It has been an informative first Christmas for me and the flowers.  I now know that I need to plant my hyacinths for forcing in September for bigger poky nosed sprouters to sell at Christmas markets, and that crocuses are great for starting off in the dark. But my biggest lesson has been that I can plant as many crocus teacups as I can lay my hands on and that I'll probably manage to sell them all!  They have been a roaring success, and quite rightly so, as they are the perfect quirky gift for that hard to buy for person.

Doing workshops with enthusiastic wreath makers has been great seasonal fun and it is always amazing to see just how differently people can construct a wreath from the same set of ingredients.  A fun way to spend a few pre-Christmas evenings to get into the spirit (and the mince pies).

Two wedding orders under my belt to bring in the New Year, leave me feeling that things are ticking along nicely for Tuckshop Flowers.

So, with dahlia tubers drying in my porch, the contents of tulip bulb packets finally tucked into the waiting flower beds and only one packet of muscari still begging to be planted, I am almost ready to curl up and enjoy the Christmas holidays - when I have been to the recycling centre with my hacked down viburnums (damn damn damn damn those pesky beetles) and when I've finally cleared out the wreath making detritus from the living room, that is….

Wednesday, 4 December 2013

Berry bounty for the wreaths

The hedgerows have yielded luscious Christmas trimmings this year and my school run (or should that be amble?) has never been so foragingly productive.  Star turn of the day were the Snow Whitesque apples found in the park - perfect for wiring onto wreaths at tonight's workshop to make some globes of stunning colour.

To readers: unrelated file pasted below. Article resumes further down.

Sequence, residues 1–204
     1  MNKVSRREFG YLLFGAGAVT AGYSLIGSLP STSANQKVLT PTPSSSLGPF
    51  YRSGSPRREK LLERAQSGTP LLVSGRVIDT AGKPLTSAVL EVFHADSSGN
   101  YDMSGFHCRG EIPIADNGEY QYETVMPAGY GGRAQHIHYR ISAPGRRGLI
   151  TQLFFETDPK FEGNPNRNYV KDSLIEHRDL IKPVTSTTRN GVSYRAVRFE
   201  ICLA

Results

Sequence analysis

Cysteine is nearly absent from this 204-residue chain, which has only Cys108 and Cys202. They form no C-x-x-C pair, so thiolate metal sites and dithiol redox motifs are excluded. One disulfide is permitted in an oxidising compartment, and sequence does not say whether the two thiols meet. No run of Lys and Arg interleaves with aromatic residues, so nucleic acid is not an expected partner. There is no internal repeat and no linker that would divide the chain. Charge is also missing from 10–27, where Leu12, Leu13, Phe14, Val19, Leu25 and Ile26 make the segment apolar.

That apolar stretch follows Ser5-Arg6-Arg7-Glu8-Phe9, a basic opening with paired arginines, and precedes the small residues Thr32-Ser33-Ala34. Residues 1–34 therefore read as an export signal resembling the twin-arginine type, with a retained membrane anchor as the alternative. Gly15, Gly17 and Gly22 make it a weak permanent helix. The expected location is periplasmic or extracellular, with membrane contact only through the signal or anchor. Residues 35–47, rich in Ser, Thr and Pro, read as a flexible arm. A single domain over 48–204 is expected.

Foraging for wreath fodder makes you look at things in a whole new light.
Even the insides are gorgeous! What IS this variety? Want one!

While Christmas decorating in this house doesn't start in earnest until later in the month, there's one room of the house which the festive season has taken over, for this evening at least.

All lined up and ready to wreath...

 The wallpapering table has had its legs reinforced in readiness for the bounty which will get woven upon it and Frank Sinatra's Christmas album has had the dust blown off its cover in readiness for the occasion.  It even had got an preliminary airing while I made pastry this morning.  The cats ran off into the garden as I yodelled along with gusto….

 Really looking forward to this evening as tonight's participants are a group of friends and I reckon they'll be very pleased with their creative efforts by the end of it - wreaths truly are such satisfying things to make.  My dry run last week (a red wine and natterfest) with one of my mates was very enjoyable and she was delighted with the wreath she produced.

Just a batch of mince pies to make, and some mulled wine to warm and then it looks like we're all set for a very Christmassy evening.  Must remember not to sing though.